The leading role the organization has taken on is the result of three decades of developing community leaders, especially among the younger population.

If anyone knows the value to the community of an organization like PECES, it is José Oquendo. At present, he is the president of the organization. However, he never forgets that he himself is a product of its programs or the positive impact those initiatives have had on thousands of lives over the past 35 years.

PECES played a prominent role in Humacao and much of the eastern region of the island in developing reconstruction initiatives and channeling funds after Hurricane María. But that leading role is the result of three decades of developing community leaders, especially among the younger population.

Oquendo says that PECES was created as a response to social problems—particularly poverty, unemployment, and school dropouts—in Punta Santiago, Humacao. The Community Dedication and Service Education Program (PECES, by its Spanish acronym) emerged from the pastoral work that Sister Nancy Madden carried out in the area, and from a group of residents who sought to address the needs of the community. And since the beginning, they have worked towards education and economic development.

“We are resilient, but very human”
Experiencing Irma and Maria in 2017 made them rethink how to respond to “an emergency event that affected both housing and the primary needs of people.” As part of their response, they created the Community Sustainability Center to facilitate the recovery process and promote resilience. The lessons they learned in the process, he explains, have also served to empower the community towards preventing and resolving crises. But even with all those lessons learned, 2020 has put the community to the test. The earthquakes—along with the threat of tsunamis—and recurring floods, as well as the pandemic, have raised many fears among residents. “We are resilient, but very human,” he emphasizes.

Celebrating Success Stories
The alternative education model school is one of the organization’s greatest prides. “I don’t like talking about suffering; I prefer to celebrate the success stories of these young people,” he says, referring to the students at that high school. He explains that many of them had to interrupt their studies and have led very difficult lives. However, they have been able to overcome every challenge, which is something that must be celebrated.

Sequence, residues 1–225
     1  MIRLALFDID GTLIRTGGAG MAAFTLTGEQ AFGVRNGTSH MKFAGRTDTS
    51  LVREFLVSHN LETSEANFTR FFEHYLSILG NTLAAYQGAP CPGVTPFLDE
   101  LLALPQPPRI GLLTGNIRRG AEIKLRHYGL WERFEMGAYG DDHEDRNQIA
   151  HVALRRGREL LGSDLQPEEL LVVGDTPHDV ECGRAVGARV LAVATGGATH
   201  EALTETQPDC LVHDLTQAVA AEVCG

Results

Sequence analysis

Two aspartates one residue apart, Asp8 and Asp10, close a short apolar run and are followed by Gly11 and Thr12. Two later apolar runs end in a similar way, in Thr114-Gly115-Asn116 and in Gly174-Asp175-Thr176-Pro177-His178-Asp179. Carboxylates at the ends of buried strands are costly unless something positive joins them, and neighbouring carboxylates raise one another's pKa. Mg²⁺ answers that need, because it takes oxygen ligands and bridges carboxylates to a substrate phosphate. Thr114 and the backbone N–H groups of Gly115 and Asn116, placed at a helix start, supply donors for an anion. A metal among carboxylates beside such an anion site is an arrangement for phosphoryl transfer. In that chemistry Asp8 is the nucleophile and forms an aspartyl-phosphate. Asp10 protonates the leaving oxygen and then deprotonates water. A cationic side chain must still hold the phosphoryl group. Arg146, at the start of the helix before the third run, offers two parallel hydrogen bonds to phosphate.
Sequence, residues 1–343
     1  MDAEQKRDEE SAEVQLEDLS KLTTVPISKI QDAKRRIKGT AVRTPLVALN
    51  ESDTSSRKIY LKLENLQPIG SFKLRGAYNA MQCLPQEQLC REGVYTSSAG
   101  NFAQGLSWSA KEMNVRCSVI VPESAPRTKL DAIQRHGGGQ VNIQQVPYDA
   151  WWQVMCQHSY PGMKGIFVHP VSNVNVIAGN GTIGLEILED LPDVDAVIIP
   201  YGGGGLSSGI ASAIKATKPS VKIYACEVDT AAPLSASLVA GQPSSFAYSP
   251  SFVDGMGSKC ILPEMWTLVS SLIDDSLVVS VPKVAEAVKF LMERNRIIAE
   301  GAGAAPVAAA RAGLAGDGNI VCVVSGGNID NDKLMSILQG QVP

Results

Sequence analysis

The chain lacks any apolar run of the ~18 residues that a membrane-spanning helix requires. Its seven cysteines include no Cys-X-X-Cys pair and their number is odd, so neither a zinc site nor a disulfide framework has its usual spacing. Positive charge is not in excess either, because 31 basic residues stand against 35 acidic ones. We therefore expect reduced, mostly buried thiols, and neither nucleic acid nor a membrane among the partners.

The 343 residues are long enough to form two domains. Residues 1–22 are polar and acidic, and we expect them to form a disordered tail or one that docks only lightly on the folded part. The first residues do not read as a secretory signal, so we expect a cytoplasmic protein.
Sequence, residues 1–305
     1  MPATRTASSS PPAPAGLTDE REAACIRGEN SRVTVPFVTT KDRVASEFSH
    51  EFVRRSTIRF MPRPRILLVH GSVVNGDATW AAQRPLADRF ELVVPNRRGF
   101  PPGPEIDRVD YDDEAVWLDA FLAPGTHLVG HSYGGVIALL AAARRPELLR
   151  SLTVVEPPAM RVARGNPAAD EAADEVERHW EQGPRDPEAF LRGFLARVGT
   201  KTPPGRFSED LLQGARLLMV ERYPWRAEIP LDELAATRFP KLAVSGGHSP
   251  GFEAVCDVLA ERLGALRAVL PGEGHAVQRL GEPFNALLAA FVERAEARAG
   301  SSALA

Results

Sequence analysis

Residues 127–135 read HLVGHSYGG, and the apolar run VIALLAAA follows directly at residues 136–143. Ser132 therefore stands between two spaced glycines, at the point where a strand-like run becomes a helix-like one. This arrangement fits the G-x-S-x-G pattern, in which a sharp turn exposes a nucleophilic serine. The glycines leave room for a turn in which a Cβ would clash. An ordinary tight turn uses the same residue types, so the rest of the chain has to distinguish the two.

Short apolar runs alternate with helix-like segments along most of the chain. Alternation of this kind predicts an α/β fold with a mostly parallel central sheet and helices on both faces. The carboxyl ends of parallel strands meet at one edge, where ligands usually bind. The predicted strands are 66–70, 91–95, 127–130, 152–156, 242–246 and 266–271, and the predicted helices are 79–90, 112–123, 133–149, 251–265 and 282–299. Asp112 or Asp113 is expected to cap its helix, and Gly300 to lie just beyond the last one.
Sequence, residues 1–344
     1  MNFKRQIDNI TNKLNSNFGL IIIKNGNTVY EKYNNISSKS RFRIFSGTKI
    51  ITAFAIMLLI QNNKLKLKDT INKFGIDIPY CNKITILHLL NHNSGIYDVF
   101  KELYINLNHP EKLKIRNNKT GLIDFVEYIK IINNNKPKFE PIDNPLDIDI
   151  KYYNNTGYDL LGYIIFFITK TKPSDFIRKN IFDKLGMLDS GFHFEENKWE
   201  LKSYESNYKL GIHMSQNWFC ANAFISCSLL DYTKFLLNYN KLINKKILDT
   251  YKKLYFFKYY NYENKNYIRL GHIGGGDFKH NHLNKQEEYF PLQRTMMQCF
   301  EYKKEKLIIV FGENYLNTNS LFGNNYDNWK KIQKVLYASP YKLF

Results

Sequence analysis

“It fills me with pride that beyond the services we provide, we help transform people’s lives,” he says, with satisfaction. Each year, the model school serves about 250 young people from the area.

Future and Resilience
Recent experiences have helped them become a stronger organization, but they wish to go the extra mile and are in the process of identifying a resilient building that will allow them to develop a command center, which will enable them to quickly respond during any kind of future emergency event.

In addition, they continue to expand the services offered by the Community Sustainability Center. Among these services is the delivery of food to bedridden people and families facing difficult times. Another future initiative that is being considered is the establishment of a health clinic to serve community needs, with special focus on the needs of the large group of older adults in the region.

“PECES is an organization with a great track record of work and positive impact in Puerto Rico. Its work after the hurricanes of 2017 has been a great example for the third sector. At Triple-S Foundation, we want to support them as they continue expanding and building a more resilient Community Sustainability Center, as well as contribute to their efforts towards promoting food security among the older population,” said Ivelisse M. Fernández, executive director of the Triple-S Foundation.